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The Big Boom

Jacksonville chooses scorched earth over redevelopment (again)


Never before has so much been spent to accomplish so little for so few.

The city is about to blow more than $60 million to create nothing. The concert venue at Metropolitan Park has already been dismantled and the City Hall Annex was imploded for nearly $5 million. Next up is the demolition of the former Duval County Courthouse on Bay Street for $3 million, then more than $37 million to remove a ramp to the Hart Bridge. Another $18 million is designated for eliminating The Jacksonville Landing.

Development by wrecking ball is the new motif. Of course, the hope is that new development will replace the existing facilities and—hope upon hope—that these new facilities will prove more successful than what they replaced.

It’s a risky proposition under any circumstance, but now is an especially interesting time in the economic cycle to undertake scorched-earth tactics.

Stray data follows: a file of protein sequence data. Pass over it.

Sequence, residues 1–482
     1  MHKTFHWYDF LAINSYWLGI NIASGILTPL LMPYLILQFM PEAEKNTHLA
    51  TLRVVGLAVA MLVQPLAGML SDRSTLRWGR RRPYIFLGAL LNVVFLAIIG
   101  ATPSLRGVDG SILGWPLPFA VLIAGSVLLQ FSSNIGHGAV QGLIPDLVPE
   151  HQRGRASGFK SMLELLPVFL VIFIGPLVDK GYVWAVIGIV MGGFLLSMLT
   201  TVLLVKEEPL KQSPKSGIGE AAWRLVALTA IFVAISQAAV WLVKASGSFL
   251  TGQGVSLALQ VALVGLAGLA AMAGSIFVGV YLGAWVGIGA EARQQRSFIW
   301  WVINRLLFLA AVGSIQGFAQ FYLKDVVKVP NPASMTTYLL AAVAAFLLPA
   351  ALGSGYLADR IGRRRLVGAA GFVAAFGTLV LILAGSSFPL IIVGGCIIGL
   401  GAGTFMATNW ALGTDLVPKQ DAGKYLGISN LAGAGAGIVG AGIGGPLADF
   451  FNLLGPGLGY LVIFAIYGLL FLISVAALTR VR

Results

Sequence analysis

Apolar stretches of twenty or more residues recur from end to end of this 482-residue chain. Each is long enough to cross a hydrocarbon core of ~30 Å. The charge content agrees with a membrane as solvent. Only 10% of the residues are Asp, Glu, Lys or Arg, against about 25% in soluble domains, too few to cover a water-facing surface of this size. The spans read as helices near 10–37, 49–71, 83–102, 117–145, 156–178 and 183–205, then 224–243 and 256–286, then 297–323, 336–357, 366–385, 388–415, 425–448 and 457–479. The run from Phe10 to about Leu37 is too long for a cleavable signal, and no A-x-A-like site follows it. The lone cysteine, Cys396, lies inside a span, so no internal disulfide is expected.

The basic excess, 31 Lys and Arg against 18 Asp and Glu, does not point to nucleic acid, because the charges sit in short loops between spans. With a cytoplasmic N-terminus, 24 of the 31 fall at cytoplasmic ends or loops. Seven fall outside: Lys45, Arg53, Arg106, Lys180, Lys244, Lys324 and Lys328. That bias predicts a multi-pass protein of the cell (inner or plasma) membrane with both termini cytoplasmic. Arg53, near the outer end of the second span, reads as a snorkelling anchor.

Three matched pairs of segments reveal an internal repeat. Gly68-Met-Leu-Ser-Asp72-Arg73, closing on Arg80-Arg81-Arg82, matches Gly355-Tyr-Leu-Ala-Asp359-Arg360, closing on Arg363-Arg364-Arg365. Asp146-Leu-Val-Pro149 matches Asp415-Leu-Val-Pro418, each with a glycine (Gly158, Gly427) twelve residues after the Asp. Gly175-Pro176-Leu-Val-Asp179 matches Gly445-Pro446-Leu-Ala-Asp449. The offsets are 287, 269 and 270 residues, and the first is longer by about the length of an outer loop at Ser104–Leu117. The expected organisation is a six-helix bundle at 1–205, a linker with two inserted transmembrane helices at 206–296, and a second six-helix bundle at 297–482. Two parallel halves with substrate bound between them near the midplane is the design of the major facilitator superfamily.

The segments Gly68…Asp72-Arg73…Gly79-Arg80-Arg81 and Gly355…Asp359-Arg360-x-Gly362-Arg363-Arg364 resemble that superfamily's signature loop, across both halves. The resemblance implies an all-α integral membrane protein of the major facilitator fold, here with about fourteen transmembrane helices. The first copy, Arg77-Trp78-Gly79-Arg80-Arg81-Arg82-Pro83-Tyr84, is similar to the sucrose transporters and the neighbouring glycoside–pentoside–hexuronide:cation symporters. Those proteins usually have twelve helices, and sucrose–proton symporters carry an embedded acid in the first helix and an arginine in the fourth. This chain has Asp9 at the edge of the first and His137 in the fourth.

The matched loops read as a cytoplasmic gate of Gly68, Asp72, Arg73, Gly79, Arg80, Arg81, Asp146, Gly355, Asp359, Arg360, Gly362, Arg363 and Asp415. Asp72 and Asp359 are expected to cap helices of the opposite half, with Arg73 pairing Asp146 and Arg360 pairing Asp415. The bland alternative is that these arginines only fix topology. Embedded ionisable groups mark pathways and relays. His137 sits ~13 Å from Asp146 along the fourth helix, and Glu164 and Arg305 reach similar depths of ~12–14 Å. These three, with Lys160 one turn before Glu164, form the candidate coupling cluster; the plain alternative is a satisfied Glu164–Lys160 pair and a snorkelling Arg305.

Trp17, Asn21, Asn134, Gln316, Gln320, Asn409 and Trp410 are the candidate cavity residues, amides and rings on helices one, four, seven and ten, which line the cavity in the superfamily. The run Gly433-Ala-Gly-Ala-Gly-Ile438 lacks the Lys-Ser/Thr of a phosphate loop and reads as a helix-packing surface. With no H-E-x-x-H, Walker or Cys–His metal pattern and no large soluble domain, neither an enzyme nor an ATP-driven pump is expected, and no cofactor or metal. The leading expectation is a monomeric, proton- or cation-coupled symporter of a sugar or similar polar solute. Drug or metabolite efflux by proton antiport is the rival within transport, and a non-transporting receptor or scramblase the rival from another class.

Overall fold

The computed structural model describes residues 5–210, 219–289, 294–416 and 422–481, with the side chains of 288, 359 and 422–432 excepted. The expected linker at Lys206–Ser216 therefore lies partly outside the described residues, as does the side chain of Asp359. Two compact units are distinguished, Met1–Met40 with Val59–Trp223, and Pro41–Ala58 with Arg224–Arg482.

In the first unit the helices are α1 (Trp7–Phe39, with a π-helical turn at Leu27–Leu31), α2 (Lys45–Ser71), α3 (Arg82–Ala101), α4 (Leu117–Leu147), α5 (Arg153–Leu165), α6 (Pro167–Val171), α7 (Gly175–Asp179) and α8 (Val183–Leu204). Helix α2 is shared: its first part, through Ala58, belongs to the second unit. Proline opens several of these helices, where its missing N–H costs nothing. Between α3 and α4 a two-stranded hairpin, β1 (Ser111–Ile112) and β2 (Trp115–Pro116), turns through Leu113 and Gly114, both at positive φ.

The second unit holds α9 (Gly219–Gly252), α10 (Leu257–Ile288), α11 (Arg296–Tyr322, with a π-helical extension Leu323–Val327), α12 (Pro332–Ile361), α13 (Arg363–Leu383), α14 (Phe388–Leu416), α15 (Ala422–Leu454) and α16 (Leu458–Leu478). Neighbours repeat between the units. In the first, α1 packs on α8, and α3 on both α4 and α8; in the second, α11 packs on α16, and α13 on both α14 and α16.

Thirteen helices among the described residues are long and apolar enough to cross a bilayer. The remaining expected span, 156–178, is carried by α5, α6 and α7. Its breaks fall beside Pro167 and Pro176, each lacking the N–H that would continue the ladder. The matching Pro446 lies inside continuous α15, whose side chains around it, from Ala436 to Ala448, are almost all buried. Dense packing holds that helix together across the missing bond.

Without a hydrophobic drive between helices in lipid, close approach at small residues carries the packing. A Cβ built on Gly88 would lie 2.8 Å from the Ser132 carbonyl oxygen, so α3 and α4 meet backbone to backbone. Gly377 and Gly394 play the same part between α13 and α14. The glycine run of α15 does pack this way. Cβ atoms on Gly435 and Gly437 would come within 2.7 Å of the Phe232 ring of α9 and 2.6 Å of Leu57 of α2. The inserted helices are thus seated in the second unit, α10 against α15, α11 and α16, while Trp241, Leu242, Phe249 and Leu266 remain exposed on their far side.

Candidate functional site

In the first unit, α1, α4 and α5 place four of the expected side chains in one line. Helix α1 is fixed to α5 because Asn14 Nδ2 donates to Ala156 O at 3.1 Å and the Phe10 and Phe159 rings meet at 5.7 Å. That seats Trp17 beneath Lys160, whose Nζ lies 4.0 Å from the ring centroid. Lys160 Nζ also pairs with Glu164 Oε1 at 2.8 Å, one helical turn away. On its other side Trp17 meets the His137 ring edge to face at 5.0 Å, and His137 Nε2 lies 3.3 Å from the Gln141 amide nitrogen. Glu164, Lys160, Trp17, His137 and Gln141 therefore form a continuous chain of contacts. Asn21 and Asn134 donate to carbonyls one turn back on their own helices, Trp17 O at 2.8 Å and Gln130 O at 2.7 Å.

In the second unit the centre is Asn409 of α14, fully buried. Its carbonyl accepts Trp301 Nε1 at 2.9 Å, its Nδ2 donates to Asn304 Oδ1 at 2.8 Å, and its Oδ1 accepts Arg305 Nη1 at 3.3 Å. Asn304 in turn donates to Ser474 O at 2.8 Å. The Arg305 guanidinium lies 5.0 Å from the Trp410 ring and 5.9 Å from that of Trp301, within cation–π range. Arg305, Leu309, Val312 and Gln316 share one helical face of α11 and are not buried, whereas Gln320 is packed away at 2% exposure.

Interest rates were increased seven times in the last two years, as corporate, government and personal debts have reached historic highs. Nonetheless, the hope (there’s that word again) is that Jaguars owner Shad Khan will come through with new developments—once he lands millions in taxpayer subsidies, of course.

Jacksonville has been down this road before and has the scars to prove it. As the hopes of the city are being placed in Shad Khan now, its fate was was all but entrusted to Cameron Kuhn a little more than a decade ago.




In 2005, developer Cameron Kuhn came to Jacksonville, buying up properties and selling dreams of downtown revitalization. He bought the SunTrust Tower on Forsyth Street, added the Laura Street Trio and eventually amassed more than $60 million in Downtown property.

Kuhn began his development game in Orlando where he was called the “King of downtown Orlando” and “Citizen Kuhn.” He later expanded his operations to Tampa and Jacksonville and, later, beyond Florida to New Orleans and Atlanta.